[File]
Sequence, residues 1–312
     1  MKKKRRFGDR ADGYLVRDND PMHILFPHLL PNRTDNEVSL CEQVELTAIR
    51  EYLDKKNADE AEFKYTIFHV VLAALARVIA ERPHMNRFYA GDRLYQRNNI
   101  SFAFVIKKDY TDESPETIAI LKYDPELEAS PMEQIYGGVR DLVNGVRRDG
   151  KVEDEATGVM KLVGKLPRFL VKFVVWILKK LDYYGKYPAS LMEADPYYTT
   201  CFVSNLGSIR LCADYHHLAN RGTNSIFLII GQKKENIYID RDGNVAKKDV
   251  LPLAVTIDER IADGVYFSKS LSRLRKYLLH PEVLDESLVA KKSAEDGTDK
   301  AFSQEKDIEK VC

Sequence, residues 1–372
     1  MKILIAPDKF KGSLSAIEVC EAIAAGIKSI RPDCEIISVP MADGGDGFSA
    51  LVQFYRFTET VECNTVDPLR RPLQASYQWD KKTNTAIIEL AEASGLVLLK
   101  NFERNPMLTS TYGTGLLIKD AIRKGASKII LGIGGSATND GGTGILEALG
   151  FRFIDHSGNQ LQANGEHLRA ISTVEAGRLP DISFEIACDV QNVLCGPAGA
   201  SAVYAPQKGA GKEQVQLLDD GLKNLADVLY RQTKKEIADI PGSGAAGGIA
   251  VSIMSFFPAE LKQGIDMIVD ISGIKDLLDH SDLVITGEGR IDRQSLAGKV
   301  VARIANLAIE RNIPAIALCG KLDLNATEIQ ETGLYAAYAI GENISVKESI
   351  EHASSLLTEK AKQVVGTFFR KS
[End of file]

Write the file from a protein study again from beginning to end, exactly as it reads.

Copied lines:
Sequence, residues 1–312
     1  MKKKRRFGDR ADGYLVRDND PMHILFPHLL PNRTDNEVSL CEQVELTAIR
    51  EYLDKKNADE AEFKYTIFHV VLAALARVIA ERPHMNRFYA GDRLYQRNNI
   101  SFAFVIKKDY TDESPETIAI LKYDPELEAS PMEQIYGGVR DLVNGVRRDG
   151  KVEDEATGVM KLVGKLPRFL VKFVVWILKK LDYYGKYPAS LMEADPYYTT
   201  CFVSNLGSIR LCADYHHLAN RGTNSIFLII GQKKENIYID RDGNVAKKDV
   251  LPLAVTIDER IADGVYFSKS LSRLRKYLLH PEVLDESLVA KKSAEDGTDK
   301  AFSQEKDIEK VC

Sequence, residues 1–372
     1  MKILIAPDKF KGSLSAIEVC EAIAAGIKSI RPDCEIISVP MADGGDGFSA
    51  LVQFYRFTET VECNTVDPLR RPLQASYQWD KKTNTAIIEL AEASGLVLLK
   101  NFERNPMLTS TYGTGLLIKD AIRKGASKII LGIGGSATND GGTGILEALG
   151  FRFIDHSGNQ LQANGEHLRA ISTVEAGRLP DISFEIACDV QNVLCGPAGA
   201  SAVYAPQKGA GKEQVQLLDD GLKNLADVLY RQTKKEIADI PGSGAAGGIA
   251  VSIMSFFPAE LKQGIDMIVD ISGIKDLLDH SDLVITGEGR IDRQSLAGKV
   301  VARIANLAIE RNIPAIALCG KLDLNATEIQ ETGLYAAYAI GENISVKESI
   351  EHASSLLTEK AKQVVGTFFR KS